Using Paterson Developing Tanks

This article is about the Paterson Super System 4 film developing tanks. Except for the photograph of the film reels, the illustrations are directly from the Paterson instruction sheet. The instructions are a bit thin, so I decided to elaborate on them. This will only be useful to someone who has not used the tanks before. After using them one or two times, the instructions will not be needed.

 Adjusting the Film Reels

The plastic film reels can be adjusted to accommodate three film sizes; 35mm,126/127, and 120/220. To adjust the width of a reel, firmly turn the two sides clockwise until you hear and feel a click. The click indicates that the two side of the reel are unlocked. Adjust the two sides to the required film width. Turn the two sides of the reel firmly in a counter-clockwise direction until you feel and hear them lock back into position. The photo here shows the reel on the right adjusted to accommodate 120/220 film. The reel on the left is adjusted to fit 35mm film.

Loading the Film Reels

The instruction sheet included with the Paterson developing tank gives good, thorough directions on loading film onto the reels, but it is also helpful to view this video on loading 120 film. Keep in mind that this process must be done in complete darkness in order to avoid exposing the film to light and ruining it. If you don’t have an area that you can make completely dark, you can use a changing bag. Changing bags are available at online stores such as B&H, Adorama, and The Frugal Photographer.

I found it quite helpful to practice loading film onto a reel with a “throwaway” roll of cheap off-brand 35mm film that I had no intention of ever shooting (think cheap “Lomography” film).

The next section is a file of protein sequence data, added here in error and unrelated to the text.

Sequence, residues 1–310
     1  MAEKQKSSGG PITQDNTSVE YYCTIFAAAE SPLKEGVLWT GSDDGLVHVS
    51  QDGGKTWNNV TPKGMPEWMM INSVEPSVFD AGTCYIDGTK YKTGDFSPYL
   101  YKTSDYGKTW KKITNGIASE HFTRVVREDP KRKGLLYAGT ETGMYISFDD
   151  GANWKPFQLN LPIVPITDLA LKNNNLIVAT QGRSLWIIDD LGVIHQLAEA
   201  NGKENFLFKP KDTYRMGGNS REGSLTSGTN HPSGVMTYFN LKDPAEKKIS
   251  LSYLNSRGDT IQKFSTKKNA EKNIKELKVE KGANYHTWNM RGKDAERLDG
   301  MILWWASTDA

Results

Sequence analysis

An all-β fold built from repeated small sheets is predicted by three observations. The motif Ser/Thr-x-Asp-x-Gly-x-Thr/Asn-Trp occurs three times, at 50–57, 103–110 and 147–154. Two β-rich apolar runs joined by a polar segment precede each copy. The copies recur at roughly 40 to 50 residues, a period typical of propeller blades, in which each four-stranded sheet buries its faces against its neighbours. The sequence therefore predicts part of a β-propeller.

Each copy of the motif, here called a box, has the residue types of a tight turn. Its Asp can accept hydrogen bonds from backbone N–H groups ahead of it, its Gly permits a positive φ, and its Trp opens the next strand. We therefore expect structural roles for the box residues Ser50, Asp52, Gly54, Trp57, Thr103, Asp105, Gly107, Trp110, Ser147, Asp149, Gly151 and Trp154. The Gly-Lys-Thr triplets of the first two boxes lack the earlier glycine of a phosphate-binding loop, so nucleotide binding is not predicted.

Loading the Tank

After loading the film onto the reel(s), push the reels onto the center column and place it in the bottom of the tank. Lower the funnel over the center column, then turn it counter-clockwise within the tank until it clicks into position (it will stop). The tank will now be light-tight, so you can turn on the light(s) or remove it from the changing bag.

Lower the agitating spindle into the hole in the funnel. The knurled end should be up. The other end of the spindle is slotted and will fit onto the posts in the center colum to enable moving the reel assembly back and forth to agitate the chemical solutions during the development process.

Press the lid onto the top of the tank. Note: if you are going to develop immediately there is no need to place the tank lid on top of the tank.

Tilting the Tank During Development

The Paterson instructions recommend that you periodically turn the tank upside down with the lid completely sealed on the top of the tank. I haven’t found this to be necessary, since the agitation and tilting the tank to the side seems to take care of circulating the chemical adequately. Use your own discretion about this, but keep in mind that if you upend the tank during development, you will have to seal and unseal the tank top. 

Air Bubbles on the film

It is widely recommended that you periodically pick up the tank and hit it against a hard surface (not hard enough to break the tank, of course) to break loose any air bubbles that may be clinging to the film. I do this every minute after agitating.


After the film is developed, it may be washed while still in the tank. Place the tank (lid off) in a sink, then run tap water directly into the funnel. Agitate occasionally. 


Several instructional videos on loading film rolls are available on the Internet. If the video referred to above is not available, search using the term, “loading film onto developing reels”.

Numerous video and text-based instructions on developing film and making prints from negatives, etc., are also available on the Internet. Just use a search engine like Google, or Bing to locate the information you need.

Different film types require different times during development. Sometimes the times are listed on the film packaging. When the times are not listed on the film packaging, they may be found on Web sites. Again, use an Internet search engine to locate the desired information.